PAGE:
All that “substantial progress” in the NBA’s labor negotiations? Don’t hang your hat on it.
That’s essentially what National Basketball Players Assocition President Derek Fisher told Stephen A. Smith on ESPN 1050 radio in New York (via Sports Radio Interviews). And he was not backing down over a lockout.
“If the owners decide they want to lock us out because we don’t agree to the most dramatic rollback in professional sports history, then that’s the choice that they have.”
While the two sides continue to meet Fisher is clear that the two sides are far apart, in part because the two sides are coming from very different starting points, making it hard to agree on what a compromise in the middle looks like.
“Well, we’re hearing there’s some reports out there that there’s been significant progress made on things that the NBA and our owners are proposing to us, but in reality, there hasn’t been much substantial movement at all on a lot of key areas. So we’re still focused on getting a deal done, we’re going to continue to negotiate, and we’re going to meet again on Friday. But even with some of the things that are being released about what has been dropped out in proposals, there isn’t any agreement on anything at this point. We’re still working hard on that right now.”
The key issues remain the hard cap (or even “flex cap”) proposal of the owners, and the split of Basketball Related Income (BRI), of which players currently get 57 percent.
“We’ve expressed that a hard salary cap is a non-starter, we have no interest in that. We’ve tried to express that some of the losses that they’re experiencing. So we made a big move we feel. We talked about moving back $100 million dollars towards the owners each year over the course of a five-year deal, which would put another $500 million dollars back on their side of the ledger, so we feel like half of a billion dollars over the course of five years to give back to owners to help them address some of the things they’re going through was a good move to make right now. But we didn’t receive that type of response….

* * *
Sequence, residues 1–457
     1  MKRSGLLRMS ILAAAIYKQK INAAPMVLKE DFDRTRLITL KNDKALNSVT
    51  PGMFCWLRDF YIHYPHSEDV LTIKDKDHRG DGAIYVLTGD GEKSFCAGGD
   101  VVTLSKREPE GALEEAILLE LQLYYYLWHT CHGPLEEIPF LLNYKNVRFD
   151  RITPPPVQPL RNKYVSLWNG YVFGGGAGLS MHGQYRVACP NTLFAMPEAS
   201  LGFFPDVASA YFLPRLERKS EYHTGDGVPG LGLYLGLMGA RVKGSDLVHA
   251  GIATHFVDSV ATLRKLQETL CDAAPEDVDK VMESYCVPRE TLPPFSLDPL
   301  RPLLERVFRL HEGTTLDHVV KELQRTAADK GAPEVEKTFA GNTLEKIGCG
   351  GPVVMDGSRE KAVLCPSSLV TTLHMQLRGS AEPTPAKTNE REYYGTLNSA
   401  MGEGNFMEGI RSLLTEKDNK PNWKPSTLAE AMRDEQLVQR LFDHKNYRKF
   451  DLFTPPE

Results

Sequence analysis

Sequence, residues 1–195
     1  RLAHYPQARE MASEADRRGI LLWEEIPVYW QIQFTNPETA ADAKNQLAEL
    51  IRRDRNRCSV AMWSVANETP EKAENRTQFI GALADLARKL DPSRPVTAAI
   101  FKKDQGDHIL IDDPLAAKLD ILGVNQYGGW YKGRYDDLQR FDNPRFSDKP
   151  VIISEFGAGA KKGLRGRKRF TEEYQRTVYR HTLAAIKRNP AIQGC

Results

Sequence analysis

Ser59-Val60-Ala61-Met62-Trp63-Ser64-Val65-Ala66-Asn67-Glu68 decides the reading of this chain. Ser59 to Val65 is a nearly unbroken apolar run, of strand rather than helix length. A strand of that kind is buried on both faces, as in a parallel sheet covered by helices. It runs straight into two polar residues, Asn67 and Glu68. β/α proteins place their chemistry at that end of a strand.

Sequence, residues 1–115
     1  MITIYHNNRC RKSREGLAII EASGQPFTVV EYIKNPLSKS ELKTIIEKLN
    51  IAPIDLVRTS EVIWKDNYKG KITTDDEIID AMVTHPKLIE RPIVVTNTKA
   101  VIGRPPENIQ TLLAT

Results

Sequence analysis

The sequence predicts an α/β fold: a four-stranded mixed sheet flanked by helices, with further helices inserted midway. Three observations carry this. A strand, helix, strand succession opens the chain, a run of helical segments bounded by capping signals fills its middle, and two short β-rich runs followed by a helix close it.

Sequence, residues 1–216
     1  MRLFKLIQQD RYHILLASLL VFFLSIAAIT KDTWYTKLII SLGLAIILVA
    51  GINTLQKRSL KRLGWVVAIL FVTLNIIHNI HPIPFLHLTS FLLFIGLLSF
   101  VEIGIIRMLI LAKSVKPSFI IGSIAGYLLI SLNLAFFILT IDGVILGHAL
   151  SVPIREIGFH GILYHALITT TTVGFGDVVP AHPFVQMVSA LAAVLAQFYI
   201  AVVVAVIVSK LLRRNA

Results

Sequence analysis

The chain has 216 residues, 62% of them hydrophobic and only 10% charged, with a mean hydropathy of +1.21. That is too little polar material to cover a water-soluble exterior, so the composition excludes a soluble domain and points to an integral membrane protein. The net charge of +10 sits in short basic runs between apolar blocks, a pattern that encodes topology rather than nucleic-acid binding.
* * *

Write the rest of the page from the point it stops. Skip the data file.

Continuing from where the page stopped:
What’s going on with owners, as they’re reporting it, is not based solely on player expense. At the same time, we recognize that players expense is the single biggest expense that they have, so we’re willing to share some of the loss, our percentage of it. So if we share 57 percent of the gain, we’re willing to discuss 57 percent of the loss. So if you’re losing $300 million, we’re interested in discussing eating off 57 percent of 300. And we feel like that’s a fair discussion to have, and we just haven’t been able to get them to move towards that type of discussion. They’ve consistently remained at more like $900 million a year because they’re asking us to guarantee that each team will be profitable at the level of $20 million dollars per year.”
People, get ready for a lockout. Just pray it doesn’t impact games next fall.
The Denver Nuggets are starting to build something. Mike Malone has brought a needed new culture to the locker room, they have found a franchise cornerstone in Nikola Jokic and running the offense through him, and they have quality young pieces around him such as Gary Harris and Jamal Murray. The Nuggets just missed the playoffs last year, and they — and hopefully their defense — are poised to take a step forward next season.
Jimmy Butler would fit in well with that.
Denver is part of the long list of teams that have reached out to the Bulls about the star wing, reports Jeff Goodman of ESPN.
Denver has spoken to the Bulls about Jimmy Butler, source told ESPN. Would include multiple young players, not Nikola Jokic, and picks.
Jokic is about as close to untradable as it gets in the NBA.
Would a pick or two with Harris, Emanual Mudiay, and a veteran that can help now such as Wilson Chandler get the job done? Maybe not, the Bulls have been asking a lot for Butler which is why deals have withered. However, Denver has the assets to make this potentially work so the conversation should move forward.
Smart money is on Butler in a Bulls uniform to start next season, but the rumors are not going to stop.